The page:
A new farm stand / grocery store opened in my town yesterday.
That’s relatively big news, given that in doing so, they have literally doubled the number of local places where you can buy a quart of milk, pick up a dozen eggs or push around a squeaky-wheeled, metal carriage.
They’ve also expanded the job market in town, something that did not go unnoticed by my 17-year-old son, Jonathan, and dozens (hundreds?) of his fellow high school classmates. Many of them applied for a job back in October.
Unfortunately, just a few weeks ago, most of the kids – Jonathan included – were turned down. Perfectly understandable; you can’t hire everyone.
But that’s not what I want to talk with you about.
It’s not that they didn’t hire most of the kids – it’s the way they didn’t hire them: They sent out form rejection letters. In doing so, they walked right past a colossal opportunity.
Think about this. Let’s say 100 kids applied, most of whom, I’d wager, are now feeling somewhere between “slightly grumpy” and “completely indifferent” at having been turned down. Not bad, no harm done.
But what if, instead of simply “not doing harm,” the grocery store turned this job rejection situation into … a marketing opportunity (cue dramatic music)?
In other words, while from an operational perspective these kids are:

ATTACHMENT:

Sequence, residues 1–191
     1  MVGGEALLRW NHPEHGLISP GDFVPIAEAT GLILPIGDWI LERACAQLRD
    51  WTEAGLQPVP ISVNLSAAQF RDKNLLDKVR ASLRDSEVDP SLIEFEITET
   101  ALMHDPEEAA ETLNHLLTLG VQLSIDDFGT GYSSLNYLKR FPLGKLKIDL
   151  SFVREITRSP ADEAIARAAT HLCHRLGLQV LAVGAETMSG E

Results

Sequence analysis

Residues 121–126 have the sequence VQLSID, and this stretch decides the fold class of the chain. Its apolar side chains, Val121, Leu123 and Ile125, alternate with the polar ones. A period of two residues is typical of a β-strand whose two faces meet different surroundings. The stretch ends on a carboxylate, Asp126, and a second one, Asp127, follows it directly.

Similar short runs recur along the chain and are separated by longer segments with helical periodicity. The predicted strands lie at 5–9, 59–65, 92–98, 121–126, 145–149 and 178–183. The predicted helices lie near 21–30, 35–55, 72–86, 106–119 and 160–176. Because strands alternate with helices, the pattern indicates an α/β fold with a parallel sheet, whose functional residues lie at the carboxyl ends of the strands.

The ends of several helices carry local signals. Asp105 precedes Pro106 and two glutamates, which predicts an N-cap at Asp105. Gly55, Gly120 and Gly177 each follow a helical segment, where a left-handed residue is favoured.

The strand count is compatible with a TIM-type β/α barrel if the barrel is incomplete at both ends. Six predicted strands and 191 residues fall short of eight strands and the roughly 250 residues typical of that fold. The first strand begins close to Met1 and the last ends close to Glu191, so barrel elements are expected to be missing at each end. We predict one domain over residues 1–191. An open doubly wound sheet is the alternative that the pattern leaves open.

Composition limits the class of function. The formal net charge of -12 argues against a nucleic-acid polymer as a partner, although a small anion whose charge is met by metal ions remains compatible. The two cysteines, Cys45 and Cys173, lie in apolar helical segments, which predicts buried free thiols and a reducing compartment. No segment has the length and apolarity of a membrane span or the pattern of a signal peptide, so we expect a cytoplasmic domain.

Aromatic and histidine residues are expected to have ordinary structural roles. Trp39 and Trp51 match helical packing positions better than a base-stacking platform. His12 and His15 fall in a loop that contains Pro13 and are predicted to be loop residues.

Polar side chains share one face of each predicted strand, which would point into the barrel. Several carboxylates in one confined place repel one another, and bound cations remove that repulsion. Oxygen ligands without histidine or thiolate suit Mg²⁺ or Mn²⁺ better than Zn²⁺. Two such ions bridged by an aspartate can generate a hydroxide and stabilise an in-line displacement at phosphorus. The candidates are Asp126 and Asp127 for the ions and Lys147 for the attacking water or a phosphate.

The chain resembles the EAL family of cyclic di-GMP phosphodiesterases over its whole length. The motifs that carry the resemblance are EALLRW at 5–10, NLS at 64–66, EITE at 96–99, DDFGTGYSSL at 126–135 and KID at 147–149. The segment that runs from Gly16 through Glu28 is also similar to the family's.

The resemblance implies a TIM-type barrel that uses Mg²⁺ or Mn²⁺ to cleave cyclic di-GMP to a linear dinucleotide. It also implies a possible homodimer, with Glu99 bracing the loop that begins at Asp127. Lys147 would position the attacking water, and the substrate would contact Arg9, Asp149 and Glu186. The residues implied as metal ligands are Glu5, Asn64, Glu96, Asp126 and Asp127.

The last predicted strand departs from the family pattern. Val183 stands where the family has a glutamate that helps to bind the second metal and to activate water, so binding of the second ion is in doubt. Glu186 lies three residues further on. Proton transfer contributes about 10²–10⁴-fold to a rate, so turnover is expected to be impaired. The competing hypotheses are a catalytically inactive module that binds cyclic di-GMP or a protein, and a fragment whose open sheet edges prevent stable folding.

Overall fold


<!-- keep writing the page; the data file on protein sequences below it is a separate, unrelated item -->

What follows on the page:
“100 people we need to turn down nicely,”
from a marketing perspective, they represent:
“100 money-spending, food-consuming humans who live in a two-(or more) person household right here in town and who have a demonstrated awareness and interest in our business.”
Do you throw these warm, already-predisposed-to-like-you, business leads whose name and address you have, back into the ocean of strangers, hoping that maybe one day they’ll wander in again?
Or, do you do a few things to cement the relationship?
(I hope you realize those were rhetorical questions.)
Things like, I don’t know…
- Sending a personal “sorry we couldn’t hire you right now” note to each kid with a store-branded USB drive and a coupon for a free anything in the coffee shop.
- Inviting the 100 who applied to a special, “applicants only” pre-opening event with refreshments, a group photo and an in-person thank you from the owners.
- Holding a contest for the best song or drawing or haiku about the new store and giving the winner’s family a year’s supply of free tomatoes (or whatever).
Here’s the point. Most businesses – of any size and of any type – view marketing as an activity done by certain people, with certain job responsibilities, in certain situations.
You revamp your web site … that’s marketing. You attend a networking meeting … that’s marketing. You publish a newsletter … that’s marketing.
But the way I look at it, everything you do that is visible to the outside world is marketing. (Go ahead, read that sentence again.)
You’re marketing when you take five minutes to reply (or not) to an e-mail question from a stranger. You’re marketing when you miss a deadline. You’re marketing when you send client invoices. And yes, you’re marketing when you turn down job applicants.
Everything you do in public view has the potential to make me more predisposed to talk about and hire you, less predisposed, or neutral.
Which means that if you think marketing only happens when “you’re marketing,” you’re leaving a lot – a lot of clients, a lot of opportunity, a lot of money – on the table.
Here’s the bottom line. I have no doubt that over the next several months, that new store is going to spend thousands in local media, in the hope of getting my attention and that of my neighbors. They may succeed.
But I can think of 100 teenagers who could have guaranteed it.